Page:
I'm in a small place, a townhouse about 1200 sq feet, in Toronto, Ontario, Canada. Everyone's said to get a 1.5 ton central air unit, about 10 seer since it's Toronto and it'll generally only run in the hot times of the day during the summer.
Here's the question though - what would be a good QUIET unit to get? How do we watch for that sort of thing?
We've been offered an unknown Keeprite, and a "Carrier" system made by Carrier but unlabelled, for about the same price. Both are good-price 10 SEER units I think. Does anyone know where I can find sound ratings for residential central air con units?
We want to mount it in the back wall but since we have a deck out there, we dont want the outside fan unit of the aircon to kill us with noise and heat.
Also, what are "Sound Blankets"?
The quietest 10 SEER I know of is the Tempstar TCA series. They are similar to the Keeprite but with a special top and 2 speed fan motor. Rheem/Ruud units are fairly quiet too. Usually you have to spend a bundle on a premium unit besides the TCA, to get a very quiet model.
10 SEER Carrier units will not be quiet. The Keeprite may not be too bad if the deluxe unit with a scroll compressor.
There are sound ratings but often it is best to hear the unit you are thinking of.
A sound blanket is a hood like device that covers the compressor to reduce the noise heard from it.
Mitisubishi Samsung Sanyo
Have you gave it any thought on going with like a 14 seer instead of a 10 seer?It will pay off in the long run, price around and see if a 14 seer would be in a price range that you can live with.
I'm not big on "sound blankets", compressor runs cooler with out it, but it does lower the sound though quite a bit.
Most manufacturers have quiet units available if you ask for noise reduction specifically. Compare the DB ratings. Also ask about refrigerant piping installation or at least verification that it is installed properly to reduce noise transmission. I do agree though that the Tempstar TCA series is a very quiet unit. I do not know what it is rated at sound wise, but I have seen/heard them in action and they are quiet without a compressor blanket.
Decibels (Bels) - the lower the number the quieter the unit. The knock offs for Carrier are Day and Night or Payne. Keeprite are Tempstar and Heil are the most common here in Ontario. Sound blankets work well as we don't get the same heat as they do in the U.S., usually. These past few weeks have been an exception. A 2-speed fan operation on the outdoor unit will make it quieter too. For an example a Keeprite KAC (this unit will have Keeprite on the housing) is a SEER 10 at 6.8 Bels with no TX valve required. A Keeprite NAC SEER 10 must have a TX valve to be a SEER 10. Most units are test for their effeciency with a TX valve.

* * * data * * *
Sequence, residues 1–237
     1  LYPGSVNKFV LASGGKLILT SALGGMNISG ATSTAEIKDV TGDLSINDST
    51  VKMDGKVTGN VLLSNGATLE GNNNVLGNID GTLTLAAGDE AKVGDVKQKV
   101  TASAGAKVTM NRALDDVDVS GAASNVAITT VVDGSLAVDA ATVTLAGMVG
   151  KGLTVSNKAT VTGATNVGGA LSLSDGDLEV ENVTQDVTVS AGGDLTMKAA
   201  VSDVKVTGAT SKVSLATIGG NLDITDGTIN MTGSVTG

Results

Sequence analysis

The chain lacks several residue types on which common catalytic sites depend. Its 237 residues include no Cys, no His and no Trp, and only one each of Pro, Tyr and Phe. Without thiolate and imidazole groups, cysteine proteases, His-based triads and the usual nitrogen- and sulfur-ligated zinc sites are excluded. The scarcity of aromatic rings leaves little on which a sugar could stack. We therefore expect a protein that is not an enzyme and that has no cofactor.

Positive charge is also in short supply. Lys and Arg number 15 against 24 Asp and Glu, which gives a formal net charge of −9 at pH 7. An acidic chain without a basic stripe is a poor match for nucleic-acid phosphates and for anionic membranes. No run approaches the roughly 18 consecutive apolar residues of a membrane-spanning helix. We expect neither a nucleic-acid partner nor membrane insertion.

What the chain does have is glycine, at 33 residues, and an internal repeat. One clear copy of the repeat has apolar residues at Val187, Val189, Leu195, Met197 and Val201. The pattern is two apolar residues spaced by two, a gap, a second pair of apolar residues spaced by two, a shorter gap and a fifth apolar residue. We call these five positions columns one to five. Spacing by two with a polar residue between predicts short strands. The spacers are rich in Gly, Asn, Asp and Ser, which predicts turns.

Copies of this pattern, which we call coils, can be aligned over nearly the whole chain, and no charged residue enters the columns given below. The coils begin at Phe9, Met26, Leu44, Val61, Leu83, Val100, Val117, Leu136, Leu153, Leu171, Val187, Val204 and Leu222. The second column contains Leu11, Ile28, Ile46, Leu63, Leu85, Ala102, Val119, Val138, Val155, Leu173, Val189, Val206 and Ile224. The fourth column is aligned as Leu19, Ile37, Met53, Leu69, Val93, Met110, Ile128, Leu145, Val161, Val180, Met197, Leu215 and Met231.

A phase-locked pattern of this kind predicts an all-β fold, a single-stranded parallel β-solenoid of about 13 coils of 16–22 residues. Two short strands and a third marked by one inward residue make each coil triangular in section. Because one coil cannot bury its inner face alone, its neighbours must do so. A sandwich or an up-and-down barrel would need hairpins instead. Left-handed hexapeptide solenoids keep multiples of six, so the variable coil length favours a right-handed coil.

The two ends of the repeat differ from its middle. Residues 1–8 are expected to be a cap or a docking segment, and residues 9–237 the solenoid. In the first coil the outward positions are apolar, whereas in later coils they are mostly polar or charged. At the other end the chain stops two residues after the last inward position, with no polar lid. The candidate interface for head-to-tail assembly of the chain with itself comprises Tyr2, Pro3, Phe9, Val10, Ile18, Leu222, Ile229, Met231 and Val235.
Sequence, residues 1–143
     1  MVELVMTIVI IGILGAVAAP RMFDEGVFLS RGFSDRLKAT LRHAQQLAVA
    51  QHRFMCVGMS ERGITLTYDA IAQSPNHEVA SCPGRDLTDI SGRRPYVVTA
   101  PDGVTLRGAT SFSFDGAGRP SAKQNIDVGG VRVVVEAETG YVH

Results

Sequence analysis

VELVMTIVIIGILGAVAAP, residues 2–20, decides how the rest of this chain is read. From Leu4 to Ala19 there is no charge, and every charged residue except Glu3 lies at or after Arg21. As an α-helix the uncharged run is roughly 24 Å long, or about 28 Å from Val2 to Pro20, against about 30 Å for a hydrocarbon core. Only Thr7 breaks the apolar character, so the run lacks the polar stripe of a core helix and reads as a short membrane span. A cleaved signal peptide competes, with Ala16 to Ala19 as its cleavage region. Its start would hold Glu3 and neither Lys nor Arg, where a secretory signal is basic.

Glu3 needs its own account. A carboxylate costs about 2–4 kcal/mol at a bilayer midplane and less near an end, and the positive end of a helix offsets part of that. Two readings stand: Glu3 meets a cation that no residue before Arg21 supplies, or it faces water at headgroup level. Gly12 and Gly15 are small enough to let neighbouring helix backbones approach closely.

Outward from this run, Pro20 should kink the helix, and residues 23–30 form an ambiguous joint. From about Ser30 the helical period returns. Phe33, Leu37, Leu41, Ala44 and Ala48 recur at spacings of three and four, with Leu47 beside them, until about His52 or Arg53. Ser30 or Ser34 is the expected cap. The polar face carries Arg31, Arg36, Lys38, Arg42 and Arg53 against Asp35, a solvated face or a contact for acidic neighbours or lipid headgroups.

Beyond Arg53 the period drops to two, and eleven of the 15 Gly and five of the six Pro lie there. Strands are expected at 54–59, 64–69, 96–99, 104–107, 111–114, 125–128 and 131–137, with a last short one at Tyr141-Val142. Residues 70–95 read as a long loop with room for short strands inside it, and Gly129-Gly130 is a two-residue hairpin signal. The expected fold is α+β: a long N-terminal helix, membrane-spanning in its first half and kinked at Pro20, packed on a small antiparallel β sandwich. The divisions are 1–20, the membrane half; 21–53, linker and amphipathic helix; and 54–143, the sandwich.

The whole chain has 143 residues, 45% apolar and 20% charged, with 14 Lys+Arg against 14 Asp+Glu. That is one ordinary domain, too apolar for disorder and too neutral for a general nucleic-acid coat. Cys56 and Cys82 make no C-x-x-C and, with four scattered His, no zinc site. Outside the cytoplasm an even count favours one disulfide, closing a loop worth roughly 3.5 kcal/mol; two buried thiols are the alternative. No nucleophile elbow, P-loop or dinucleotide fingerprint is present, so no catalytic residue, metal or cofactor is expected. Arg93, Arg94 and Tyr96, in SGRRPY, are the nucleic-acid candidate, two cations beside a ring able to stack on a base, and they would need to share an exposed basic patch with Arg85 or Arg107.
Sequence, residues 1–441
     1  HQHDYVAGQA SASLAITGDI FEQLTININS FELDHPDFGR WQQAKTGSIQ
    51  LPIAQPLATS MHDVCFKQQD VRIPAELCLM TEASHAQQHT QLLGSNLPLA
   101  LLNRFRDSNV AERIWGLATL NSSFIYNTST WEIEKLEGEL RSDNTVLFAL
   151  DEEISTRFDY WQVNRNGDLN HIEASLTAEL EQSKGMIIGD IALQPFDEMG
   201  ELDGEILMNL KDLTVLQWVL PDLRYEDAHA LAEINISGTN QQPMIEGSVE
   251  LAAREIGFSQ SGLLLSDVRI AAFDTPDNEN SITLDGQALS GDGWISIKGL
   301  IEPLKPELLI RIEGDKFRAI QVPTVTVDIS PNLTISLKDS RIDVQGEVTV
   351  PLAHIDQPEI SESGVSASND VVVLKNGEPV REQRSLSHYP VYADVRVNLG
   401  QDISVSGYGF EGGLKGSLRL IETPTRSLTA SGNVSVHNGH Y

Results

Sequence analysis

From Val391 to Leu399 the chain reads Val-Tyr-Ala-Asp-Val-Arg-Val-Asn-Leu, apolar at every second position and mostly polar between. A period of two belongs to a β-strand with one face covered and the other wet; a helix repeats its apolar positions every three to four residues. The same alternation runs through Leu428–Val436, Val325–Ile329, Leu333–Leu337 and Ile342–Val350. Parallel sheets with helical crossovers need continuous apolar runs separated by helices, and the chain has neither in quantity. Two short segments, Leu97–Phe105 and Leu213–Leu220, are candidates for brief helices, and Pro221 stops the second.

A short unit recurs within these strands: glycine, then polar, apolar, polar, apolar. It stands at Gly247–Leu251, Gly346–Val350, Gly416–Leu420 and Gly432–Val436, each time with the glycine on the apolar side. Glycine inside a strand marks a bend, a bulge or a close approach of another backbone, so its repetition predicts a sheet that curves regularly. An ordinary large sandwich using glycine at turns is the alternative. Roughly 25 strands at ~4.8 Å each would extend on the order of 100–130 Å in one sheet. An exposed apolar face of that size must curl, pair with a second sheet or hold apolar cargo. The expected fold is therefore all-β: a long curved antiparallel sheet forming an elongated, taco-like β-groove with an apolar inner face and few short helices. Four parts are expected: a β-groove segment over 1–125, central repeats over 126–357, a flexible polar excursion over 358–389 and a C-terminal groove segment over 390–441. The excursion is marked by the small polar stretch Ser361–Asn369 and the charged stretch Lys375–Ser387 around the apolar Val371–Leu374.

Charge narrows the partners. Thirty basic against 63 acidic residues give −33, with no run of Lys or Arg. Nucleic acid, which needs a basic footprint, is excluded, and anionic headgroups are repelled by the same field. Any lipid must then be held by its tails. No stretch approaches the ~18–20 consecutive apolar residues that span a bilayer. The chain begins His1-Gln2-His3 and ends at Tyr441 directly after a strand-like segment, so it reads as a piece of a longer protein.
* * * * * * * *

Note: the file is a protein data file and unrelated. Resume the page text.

Thanks everyone for the tips and advice.
We ended up getting the Keeprite, but we chose it over the Carrier unnamed system from your comments here.
SEER 14 would probably have doubled the price for the air con, and considering our location, and a number of other comments in HVAC Residential, it seems that we wouldn't need much more. I think if we need to use it for 20 years before we get the value back, we will probably just use it for 10 years before we move to a bigger house to accomodate the growing kids.
We've been finally able to sleep in the bedroom, as opposed to on an air mattress in the living room!
Later when I get home, I'll dig up what I can find about it and post it here. I don't know the exact specs of the system but we are just happy to have it.
We wont have a deck for some time yet, but the unit we have isn't too bad noise wise, and if it's too loud later when we build our deck, we can install a sound blanket right?
amana high efficiency barnone as quiet as you will find anywhere and will pay off alot better in long run
Before making a blanket statement about high SEER paying off, don't you need to know some things like cooling load hours of Toronto and electric rate? I'd guess your beloved Amana probably wouldn't pay off in the life of the unit. 1.5 ton with a very short cooling season isn't likely to save much each year.